Eleventh-hour trade deals Villanueva for Ford

Two teams out there just couldn't wait for Friday's free-agent horn to sound at one minute past midnight.

Milwaukee and Toronto got a buzzer-beating deal done before the calendar flipped to July 1 in what will be recorded as the last official business of the 2005-06 season ... and what will be viewed as another gamble for new Raptors president Bryan Colangelo.

Charlie Villanueva for T.J. Ford?

The selection of Italy's Andrea Bargnani with the No. 1 overall pick in Wednesday's draft might actually be the safest move Colangelo has made this month.

Absorbing the remaining three years and nearly $25 million left on Rasho Nesterovic's contract, in a swap for Matt Bonner and Eric Williams, has to be considered a dice-roll given the ever-quickening pace in today's NBA and the Slovenian's struggles to keep up in San Antonio.

Yet Villaneuva for Ford is even riskier, assuming you subscribe to the well-worn maxim about trading big for small. As in: Don't ever do it.

Say this for Colangelo, though: He's moved swiftly and decisively since moving to Canada in his bid to build a representative team around power forward Chris Bosh. Colangelo has made no secret of his desire for a drive-and-kick, push-the-tempo point guard -- in the spirit of Canada's favorite NBA son Steve Nash -- and was willing to part with one of the long, athletic bigs so coveted in today's NBA to get him.

The Bucks also kicked in $1 million in cash for Villanueva, whose critic-hushing rookie season included a 48-point outburst in Milwaukee in March. The Bucks now plan to start Villanueva at power forward between Bobby Simmons and Andrew Bogut, who becomes Milwaukee's unquestioned starting center.

The trade makes Bogut predecessor Jamaal Magloire, entering the final season of his contract, even more of a lock to be traded this month, according to NBA front-office sources. Only now that the 2006-07 season has begun, trades and free-agent signings can't advance past the stage of verbal agreement until July 12.

• The maiden report of face-to-face wooing on Stein Line radar: Rockets coach Jeff Van Gundy, according to team sources, was on the doorstep of Mike James' Houston home to speak with the free-agent point guard at the first opportunity: 11:01 p.m. Texas time Friday.

The Rockets want to bring back the chatty point guard they banished to Toronto on the first day of training camp in October in a trade for Rafer Alston. And I suspect James is thrilled, given that Houston remains his offseason base and remembering how he told ESPN.com in March -- several months into his breakout season -- that he never stopped thinking about the Rockets because "I thought I would be doing this for Houston."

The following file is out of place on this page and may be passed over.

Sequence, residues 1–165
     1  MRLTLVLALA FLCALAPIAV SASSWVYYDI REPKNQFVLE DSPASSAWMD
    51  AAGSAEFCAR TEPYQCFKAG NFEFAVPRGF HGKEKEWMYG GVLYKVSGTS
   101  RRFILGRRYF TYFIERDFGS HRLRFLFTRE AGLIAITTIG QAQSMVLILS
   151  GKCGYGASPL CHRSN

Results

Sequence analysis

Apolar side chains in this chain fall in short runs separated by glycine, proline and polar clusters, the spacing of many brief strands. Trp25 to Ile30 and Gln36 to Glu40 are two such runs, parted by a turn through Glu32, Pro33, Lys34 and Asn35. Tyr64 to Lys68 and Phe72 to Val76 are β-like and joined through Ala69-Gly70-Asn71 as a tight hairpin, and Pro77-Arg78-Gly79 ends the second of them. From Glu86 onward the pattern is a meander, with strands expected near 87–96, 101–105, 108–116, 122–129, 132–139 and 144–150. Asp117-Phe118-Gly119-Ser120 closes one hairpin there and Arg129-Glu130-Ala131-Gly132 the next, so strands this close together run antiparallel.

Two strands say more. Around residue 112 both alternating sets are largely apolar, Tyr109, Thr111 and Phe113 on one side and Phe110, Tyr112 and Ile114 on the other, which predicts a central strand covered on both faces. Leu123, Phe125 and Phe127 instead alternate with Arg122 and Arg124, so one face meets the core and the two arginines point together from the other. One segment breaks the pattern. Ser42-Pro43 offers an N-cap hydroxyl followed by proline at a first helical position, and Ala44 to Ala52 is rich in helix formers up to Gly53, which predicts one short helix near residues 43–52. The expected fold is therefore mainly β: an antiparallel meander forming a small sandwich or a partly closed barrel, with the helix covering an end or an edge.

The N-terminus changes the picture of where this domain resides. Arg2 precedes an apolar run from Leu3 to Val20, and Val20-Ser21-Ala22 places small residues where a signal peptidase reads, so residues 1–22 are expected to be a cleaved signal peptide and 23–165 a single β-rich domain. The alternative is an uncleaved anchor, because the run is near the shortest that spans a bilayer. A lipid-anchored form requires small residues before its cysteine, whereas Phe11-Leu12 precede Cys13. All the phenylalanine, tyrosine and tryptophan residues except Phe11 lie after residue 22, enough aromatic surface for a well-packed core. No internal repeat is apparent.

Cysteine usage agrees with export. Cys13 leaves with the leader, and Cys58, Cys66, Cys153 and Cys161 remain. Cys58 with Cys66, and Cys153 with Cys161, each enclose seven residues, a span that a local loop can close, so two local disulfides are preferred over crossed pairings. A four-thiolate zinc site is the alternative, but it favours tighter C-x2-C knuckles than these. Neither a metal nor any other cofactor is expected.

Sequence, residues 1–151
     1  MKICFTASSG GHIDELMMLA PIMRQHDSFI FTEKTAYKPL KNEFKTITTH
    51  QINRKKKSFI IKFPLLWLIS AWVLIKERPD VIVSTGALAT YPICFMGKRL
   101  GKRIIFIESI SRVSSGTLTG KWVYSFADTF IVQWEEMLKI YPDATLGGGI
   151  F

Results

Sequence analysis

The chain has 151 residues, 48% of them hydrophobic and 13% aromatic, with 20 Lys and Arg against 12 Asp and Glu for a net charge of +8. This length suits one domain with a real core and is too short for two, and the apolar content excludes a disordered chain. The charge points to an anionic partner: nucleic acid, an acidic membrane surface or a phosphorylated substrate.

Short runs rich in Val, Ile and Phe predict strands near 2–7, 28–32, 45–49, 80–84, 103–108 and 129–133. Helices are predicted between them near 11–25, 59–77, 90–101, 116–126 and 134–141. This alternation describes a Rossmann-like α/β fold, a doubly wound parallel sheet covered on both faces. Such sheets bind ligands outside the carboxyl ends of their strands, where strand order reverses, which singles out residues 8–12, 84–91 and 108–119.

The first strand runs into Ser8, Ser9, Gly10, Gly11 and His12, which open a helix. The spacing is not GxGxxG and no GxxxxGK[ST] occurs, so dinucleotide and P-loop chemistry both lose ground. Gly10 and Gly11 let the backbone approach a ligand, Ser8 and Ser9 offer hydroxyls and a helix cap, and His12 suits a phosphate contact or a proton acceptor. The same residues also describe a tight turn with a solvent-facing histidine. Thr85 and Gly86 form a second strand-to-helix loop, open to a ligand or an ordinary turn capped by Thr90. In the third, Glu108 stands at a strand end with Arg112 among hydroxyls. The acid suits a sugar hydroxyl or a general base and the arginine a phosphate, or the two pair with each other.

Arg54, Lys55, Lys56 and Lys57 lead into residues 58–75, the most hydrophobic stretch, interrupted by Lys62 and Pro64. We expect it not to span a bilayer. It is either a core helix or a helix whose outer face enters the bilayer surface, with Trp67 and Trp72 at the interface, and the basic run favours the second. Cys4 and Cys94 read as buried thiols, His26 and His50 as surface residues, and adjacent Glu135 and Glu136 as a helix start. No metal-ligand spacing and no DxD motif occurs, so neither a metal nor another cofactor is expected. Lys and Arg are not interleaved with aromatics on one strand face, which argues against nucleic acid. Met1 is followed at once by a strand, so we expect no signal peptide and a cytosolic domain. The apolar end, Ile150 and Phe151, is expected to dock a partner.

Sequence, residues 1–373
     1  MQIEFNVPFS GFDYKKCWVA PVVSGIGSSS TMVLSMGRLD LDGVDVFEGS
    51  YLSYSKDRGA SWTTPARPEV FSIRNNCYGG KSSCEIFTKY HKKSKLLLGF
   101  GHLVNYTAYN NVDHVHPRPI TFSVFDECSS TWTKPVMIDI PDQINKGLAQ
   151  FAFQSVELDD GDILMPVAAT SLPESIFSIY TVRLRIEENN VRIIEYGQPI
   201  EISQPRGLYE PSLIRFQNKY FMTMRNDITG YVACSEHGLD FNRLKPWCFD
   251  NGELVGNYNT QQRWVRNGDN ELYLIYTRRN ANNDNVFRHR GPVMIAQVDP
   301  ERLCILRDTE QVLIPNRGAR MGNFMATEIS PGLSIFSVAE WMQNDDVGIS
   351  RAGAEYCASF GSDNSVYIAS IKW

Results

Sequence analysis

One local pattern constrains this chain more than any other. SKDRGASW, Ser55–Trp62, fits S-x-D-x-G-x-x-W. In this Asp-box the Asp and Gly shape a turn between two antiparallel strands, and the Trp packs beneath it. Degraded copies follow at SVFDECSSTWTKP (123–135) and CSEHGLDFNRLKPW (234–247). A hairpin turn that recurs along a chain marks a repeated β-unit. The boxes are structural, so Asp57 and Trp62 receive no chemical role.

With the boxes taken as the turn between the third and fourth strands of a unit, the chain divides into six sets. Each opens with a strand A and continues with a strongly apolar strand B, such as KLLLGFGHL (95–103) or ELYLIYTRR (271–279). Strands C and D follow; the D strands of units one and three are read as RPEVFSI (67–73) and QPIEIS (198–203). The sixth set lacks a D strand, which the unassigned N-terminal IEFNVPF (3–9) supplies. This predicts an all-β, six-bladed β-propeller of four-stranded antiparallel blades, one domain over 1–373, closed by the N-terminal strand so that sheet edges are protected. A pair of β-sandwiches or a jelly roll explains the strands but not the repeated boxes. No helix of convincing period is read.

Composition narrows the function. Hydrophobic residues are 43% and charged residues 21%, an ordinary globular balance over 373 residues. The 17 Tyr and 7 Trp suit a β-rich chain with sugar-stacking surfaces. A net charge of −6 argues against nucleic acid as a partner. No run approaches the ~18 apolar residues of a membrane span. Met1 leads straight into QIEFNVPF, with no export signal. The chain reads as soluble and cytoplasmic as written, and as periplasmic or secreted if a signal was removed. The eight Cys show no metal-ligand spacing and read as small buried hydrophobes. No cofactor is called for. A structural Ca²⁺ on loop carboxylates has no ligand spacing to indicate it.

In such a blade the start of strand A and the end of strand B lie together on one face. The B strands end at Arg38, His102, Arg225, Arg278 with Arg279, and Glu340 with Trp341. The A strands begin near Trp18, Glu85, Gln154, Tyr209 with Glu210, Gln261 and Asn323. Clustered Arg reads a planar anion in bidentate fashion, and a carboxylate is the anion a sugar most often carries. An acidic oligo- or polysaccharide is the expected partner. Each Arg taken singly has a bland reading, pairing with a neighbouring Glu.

Van Gundy knows, though, that the Rockets will face a fair bit of competition for the 31-year-old. Dallas coach Avery Johnson is another big fan of James' confidence and toughness and is said to like the idea of playing James and Jason Terry together. Potential stumbling blocks for the Mavs: James wants a five-year deal and Dallas prefers a three-year arrangement ... and the Raptors have apparently rebuffed a sign-and-trade offer from the Mavs featuring swingman Marquis Daniels.

Daniels is almost certain to be moved this offseason, but it remains to be seen if the Raps will attempt to get something back for James via sign-and-trade or simply let him go after Friday night's trade for James' replacement: Milwaukee's T.J. Ford.

• The news that Sam Cassell has hired David Falk to represent him this summer doesn't have the Clippers freaked.

In the past, it certainly would have. Their bumpy history with the NBA's original superagent stretches back to 1989, when a Falk client named Danny Ferry responded to being drafted No. 2 overall by the Clips by fleeing to Italy until they traded his draft rights to Cleveland, where Ferry now serves as general manager.

This, though, is a new era in Clipperland and Falk represents the cornerstone of that era: Elton Brand.

Cassell, soon to be 37, is looking for a two-year deal in the $15 million range to stay, with the Clips reluctant to offer more than one year. With Falk involved, you figure Sam I Am is going to end up with the two-year deal, either from L.A. or starting at the $5 million mid-level exception level elsewhere if the Clips won't budge.

Yet Sam I Am and his new representative also know that Brand badly wants Cassell to stay. The Clips, I'm told, believe that helps their chances of bringing him back.

• The Mavericks were progressing early Saturday morning toward the widely expected signing of Terry, but extension talks with star forward Dirk Nowitzki aren't likely to proceed quickly.

As covered in this cyberspace on the eve of the NBA Finals, Dallas hopes to sign Nowitzki to a three-year extension this summer that would keep him a Mav through the 2010-11 season. If he holds off, Nowitzki can opt of his contract after next season and test the 2007 free-agent market.

The safe bet, of course, is that he re-ups. Nowitzki, 27, is already calling the three-year package -- which would exceed $50 million -- a "no-brainer."

Yet he also told ESPN.com on Friday that he needs some time away from the game back home in Germany after the Mavs' Finals heartbreak before giving his future any serious thought. "I'm really in no rush," Nowitzki said, well aware that he has a window of July 12 through Oct. 31 to sign off on the no-brainer.

Marc Stein is the senior NBA writer for ESPN.com. To e-mail him, click here.